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Development Works Here with Saeed Uri

| 4 Minute Read
Peace, Stability, and Transition | Conflict Prevention and Peacebuilding | Agriculture and Food Security
Monitoring, Evaluation, and Learning | Innovation | Digital Development

Development works here because great people work here. We’re excited to introduce you to our team.

headshot of Saeed Uri

Meet Saeed Uri! Saeed is Chemonics’ senior vice president for impact, bringing more than ten years of experience in fragile or transitional environments where he spearheaded the adoption of innovative approaches and technologies to achieve greater impact. Most recently, as chief of party on the USAID/OTI Iraq Regional Program, Saeed worked hand-in-hand with local partners to strengthen community resilience against climate change and other sources of instability.

In this short interview, Saeed shares his thoughts on key challenges and opportunities of implementing sustainable development programs worldwide, including the importance of adaptive management, how emerging technologies can be ethically deployed in a changing landscape, and the value of rapid data analysis.

Based on your experience leading programs in fragile and conflict-affected settings, what do you see as the key challenges and opportunities for working in such complex environments?

When implementing programs in fragile and conflict-affected settings, one of the greatest challenges is understanding local dynamics and their interplay with national or regional politics. Limited access to key stakeholders and the highly politicized environment that naturally forms in these situations fosters an information “fog,” which is why Chemonics places a premium on identifying and working with locally-based experts in the communities we are aiming to serve. For example, when working in more tribal communities in Iraq, our local experts would help us untangle relationships between tribes, and even within tribes, while identifying individuals or organizations that can drive positive change. Similarly, conflict-affected environments are fluid, requiring implementing partners to constantly monitor ongoing developments to ensure programming remains relevant and follows “do no harm” principles. New and emerging technologies have made this possible by enabling rapid data collection and analysis to support sustainable development.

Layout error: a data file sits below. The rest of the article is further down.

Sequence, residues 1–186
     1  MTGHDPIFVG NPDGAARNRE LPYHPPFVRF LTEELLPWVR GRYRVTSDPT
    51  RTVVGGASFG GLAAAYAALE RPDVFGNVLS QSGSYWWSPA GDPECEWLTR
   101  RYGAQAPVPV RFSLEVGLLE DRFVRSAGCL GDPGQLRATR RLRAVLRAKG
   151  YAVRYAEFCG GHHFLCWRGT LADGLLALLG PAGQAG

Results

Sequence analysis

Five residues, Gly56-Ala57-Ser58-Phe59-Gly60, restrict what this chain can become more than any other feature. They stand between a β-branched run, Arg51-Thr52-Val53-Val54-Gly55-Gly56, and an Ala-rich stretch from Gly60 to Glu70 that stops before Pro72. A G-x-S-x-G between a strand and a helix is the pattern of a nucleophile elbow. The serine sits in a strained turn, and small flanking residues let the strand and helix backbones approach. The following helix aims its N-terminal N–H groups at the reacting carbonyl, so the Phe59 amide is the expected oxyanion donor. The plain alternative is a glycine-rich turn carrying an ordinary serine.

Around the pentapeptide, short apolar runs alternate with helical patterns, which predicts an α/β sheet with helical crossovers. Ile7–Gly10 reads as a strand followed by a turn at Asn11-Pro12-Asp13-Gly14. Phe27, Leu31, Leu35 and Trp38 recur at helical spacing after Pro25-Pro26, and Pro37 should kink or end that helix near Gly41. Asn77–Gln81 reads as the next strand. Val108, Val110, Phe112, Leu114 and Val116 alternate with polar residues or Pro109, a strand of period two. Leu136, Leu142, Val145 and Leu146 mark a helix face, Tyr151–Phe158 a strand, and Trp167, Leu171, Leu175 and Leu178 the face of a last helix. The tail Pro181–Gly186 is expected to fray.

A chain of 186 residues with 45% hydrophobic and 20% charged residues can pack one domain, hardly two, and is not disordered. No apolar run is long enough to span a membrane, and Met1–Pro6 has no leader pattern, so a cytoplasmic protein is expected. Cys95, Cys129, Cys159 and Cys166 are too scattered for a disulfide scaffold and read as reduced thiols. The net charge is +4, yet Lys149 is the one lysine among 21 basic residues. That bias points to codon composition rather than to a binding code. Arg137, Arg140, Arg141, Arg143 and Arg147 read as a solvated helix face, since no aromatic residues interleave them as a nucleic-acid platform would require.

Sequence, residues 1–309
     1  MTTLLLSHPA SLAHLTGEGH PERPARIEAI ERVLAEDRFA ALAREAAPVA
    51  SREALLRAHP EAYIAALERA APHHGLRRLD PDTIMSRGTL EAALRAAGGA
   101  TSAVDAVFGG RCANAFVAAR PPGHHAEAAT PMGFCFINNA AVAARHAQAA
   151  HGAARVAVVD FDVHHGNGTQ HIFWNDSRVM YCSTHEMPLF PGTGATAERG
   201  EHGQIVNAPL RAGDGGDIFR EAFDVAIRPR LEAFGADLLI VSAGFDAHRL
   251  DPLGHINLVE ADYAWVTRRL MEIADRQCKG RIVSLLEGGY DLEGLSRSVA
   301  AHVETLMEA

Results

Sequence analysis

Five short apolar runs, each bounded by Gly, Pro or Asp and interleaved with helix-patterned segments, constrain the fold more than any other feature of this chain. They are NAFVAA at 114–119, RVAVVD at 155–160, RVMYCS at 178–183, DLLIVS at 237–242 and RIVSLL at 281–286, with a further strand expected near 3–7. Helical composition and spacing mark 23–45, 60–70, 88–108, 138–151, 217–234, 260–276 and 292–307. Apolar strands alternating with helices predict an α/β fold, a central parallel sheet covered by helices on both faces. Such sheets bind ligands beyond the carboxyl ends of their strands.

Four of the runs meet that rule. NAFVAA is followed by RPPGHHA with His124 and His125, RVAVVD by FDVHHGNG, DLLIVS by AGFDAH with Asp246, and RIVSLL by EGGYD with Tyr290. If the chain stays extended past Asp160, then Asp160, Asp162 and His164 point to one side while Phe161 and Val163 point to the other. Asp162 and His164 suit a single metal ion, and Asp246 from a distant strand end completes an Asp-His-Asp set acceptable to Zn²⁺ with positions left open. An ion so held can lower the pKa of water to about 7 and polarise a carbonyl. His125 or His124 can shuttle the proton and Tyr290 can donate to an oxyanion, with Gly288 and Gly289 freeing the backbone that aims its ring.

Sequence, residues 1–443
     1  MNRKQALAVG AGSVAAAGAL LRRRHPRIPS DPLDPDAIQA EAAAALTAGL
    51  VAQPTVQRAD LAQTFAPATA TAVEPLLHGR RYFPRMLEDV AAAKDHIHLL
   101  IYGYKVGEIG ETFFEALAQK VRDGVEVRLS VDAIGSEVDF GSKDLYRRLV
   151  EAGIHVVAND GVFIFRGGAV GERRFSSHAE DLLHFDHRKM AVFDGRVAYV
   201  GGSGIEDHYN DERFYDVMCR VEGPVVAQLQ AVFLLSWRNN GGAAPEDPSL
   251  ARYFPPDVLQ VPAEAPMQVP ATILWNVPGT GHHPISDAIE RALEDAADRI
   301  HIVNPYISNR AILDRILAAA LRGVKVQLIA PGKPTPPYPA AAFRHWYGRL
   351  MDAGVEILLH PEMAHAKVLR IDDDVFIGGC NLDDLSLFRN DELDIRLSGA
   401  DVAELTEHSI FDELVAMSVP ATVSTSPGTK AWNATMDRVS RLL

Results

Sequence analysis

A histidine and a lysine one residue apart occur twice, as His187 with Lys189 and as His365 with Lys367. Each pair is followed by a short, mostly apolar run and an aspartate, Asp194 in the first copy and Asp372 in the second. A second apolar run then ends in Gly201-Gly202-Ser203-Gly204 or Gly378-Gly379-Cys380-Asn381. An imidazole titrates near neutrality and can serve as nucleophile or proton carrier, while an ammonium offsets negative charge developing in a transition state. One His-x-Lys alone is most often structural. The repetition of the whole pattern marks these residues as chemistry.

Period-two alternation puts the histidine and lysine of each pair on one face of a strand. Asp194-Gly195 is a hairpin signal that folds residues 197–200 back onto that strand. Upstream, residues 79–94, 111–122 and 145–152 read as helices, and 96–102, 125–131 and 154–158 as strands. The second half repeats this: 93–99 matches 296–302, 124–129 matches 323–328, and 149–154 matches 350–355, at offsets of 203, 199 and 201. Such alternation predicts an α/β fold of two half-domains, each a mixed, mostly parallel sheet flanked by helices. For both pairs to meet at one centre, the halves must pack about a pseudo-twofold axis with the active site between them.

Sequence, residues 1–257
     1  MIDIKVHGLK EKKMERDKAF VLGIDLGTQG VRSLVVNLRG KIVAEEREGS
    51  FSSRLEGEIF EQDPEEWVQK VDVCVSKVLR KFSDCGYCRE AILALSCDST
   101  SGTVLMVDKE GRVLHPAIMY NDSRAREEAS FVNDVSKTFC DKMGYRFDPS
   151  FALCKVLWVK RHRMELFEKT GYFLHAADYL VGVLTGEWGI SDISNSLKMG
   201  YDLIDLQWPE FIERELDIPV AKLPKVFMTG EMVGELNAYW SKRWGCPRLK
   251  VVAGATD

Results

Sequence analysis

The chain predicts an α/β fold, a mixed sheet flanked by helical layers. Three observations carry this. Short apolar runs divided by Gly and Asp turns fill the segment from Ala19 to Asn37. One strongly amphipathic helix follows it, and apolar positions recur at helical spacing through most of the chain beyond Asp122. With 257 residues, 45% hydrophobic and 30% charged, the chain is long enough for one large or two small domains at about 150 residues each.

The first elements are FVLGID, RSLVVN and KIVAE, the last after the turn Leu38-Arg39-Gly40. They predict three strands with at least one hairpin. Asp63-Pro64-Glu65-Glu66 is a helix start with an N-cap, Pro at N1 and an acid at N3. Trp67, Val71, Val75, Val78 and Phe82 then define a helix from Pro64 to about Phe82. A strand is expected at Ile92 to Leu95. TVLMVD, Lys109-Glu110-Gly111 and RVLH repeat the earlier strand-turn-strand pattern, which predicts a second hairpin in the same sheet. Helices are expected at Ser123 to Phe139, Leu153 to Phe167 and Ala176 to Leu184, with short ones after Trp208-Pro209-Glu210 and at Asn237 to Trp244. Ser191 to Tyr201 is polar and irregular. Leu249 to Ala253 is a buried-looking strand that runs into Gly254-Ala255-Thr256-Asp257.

What role can technology play in improving decision-making to support the adaptive management of development programming?

Adjusting programming as the operating context changes is a form of adaptive management that is critical in these environments. This approach requires regular data collection and analysis, and this is where we have used emerging technology to our advantage. In Iraq, we leveraged a mobile app to rapidly collect data to assess the perceptions around the return and reintegration of internally displaced people (IDPs), then used AI to perform data analysis. With these tools, we were able to halve the time and effort required to adapt our programming based on the app’s findings. This resulted in us directing more programming towards at-risk areas that were identified based on compounding factors of returning IDPs, water scarcity due to climate change, and rising social tensions. Again, I can’t emphasize how important quickly adapting programming in these contexts is, and these new tools have made the process more efficient.

How should development programs ensure the responsible and ethical integration of new technology, and what opportunities do they present for innovation in the sector?